One of the research projects in the Hegarty Lab in the Department of Civil and Environmental Engineering at Case Western Reserve University focuses on reducing greenhouse gas emissions and pollutant runoff from wetlands.
Artificial wetlands exploit the critical ecological services provided by the plants and microbial communities of natural wetlands for the control of pollutants, the treatment of greywater, and more. Reducing runoff, particularly of nitrogen and phosphorus, is particularly important for reducing eutrophication and modulating algal blooms. Previous research has suggested that microbial communities in artificial wetlands are less diverse than in natural wetlands, but the impact that this has on contaminant removal or the production of greenhouse gasses is unknown.
By pairing multi-omics (e.g. gene expression studies) with other molecular tools, we are identifying the key genes for metabolizing specific pollutants of local relevance to devise new systems for bioremediation and biodegradation. Critical to this work will be understanding the complex interactions between key microbial players (from archaea and bacteria to viruses and eukaryotes), as well as determining the ways in which environmental factors drive viral dynamics.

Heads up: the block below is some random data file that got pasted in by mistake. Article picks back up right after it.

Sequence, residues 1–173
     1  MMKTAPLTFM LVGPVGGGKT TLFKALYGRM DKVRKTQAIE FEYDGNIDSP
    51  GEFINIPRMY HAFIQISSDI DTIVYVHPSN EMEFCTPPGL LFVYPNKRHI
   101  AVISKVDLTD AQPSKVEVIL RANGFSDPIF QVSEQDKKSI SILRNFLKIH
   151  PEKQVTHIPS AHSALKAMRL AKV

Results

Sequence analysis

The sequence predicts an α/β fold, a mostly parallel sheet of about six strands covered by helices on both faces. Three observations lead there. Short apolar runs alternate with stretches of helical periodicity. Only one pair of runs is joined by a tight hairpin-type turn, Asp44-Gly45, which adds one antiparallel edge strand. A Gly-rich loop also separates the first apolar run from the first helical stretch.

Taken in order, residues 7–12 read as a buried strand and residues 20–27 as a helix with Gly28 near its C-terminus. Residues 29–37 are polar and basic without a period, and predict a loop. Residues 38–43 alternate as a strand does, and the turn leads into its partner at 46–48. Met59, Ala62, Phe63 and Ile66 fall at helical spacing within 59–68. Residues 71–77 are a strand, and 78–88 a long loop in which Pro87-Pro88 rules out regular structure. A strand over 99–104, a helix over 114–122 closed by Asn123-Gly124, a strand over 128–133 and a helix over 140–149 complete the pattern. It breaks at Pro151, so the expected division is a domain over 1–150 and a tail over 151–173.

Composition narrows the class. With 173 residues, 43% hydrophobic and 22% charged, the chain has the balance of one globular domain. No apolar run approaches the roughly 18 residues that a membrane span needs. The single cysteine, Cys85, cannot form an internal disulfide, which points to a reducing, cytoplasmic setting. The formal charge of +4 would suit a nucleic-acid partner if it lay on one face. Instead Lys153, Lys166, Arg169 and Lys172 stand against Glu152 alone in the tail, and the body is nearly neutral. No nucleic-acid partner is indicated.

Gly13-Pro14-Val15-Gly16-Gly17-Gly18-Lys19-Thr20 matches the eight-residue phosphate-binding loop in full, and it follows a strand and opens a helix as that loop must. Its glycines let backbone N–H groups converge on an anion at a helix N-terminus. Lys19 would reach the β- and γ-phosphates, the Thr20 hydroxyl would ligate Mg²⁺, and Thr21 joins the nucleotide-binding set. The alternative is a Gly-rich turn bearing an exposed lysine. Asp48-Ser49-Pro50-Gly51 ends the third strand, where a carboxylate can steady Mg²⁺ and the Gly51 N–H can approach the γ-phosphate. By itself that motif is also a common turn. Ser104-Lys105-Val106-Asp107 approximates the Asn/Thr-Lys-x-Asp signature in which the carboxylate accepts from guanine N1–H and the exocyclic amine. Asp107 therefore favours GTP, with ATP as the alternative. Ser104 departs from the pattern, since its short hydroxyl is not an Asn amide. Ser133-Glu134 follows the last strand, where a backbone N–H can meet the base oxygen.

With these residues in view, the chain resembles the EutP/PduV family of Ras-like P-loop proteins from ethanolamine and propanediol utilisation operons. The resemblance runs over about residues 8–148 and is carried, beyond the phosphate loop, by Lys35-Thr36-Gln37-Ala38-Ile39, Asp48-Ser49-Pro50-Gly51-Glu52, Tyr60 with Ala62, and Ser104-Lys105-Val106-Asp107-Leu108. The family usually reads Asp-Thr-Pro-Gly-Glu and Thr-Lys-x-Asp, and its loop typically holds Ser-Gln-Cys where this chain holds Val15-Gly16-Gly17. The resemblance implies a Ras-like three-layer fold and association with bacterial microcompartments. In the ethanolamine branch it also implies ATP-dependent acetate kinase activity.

Open questions motivating this work include:
How do microbiomes vary between natural and engineered wetlands?
How are viruses affecting the fluxes of greenhouse gasses (GHG) or pollutant removal in engineered wetlands?
What design choices can improve pollutant removal or reduce GHG emissions in engineered wetlands?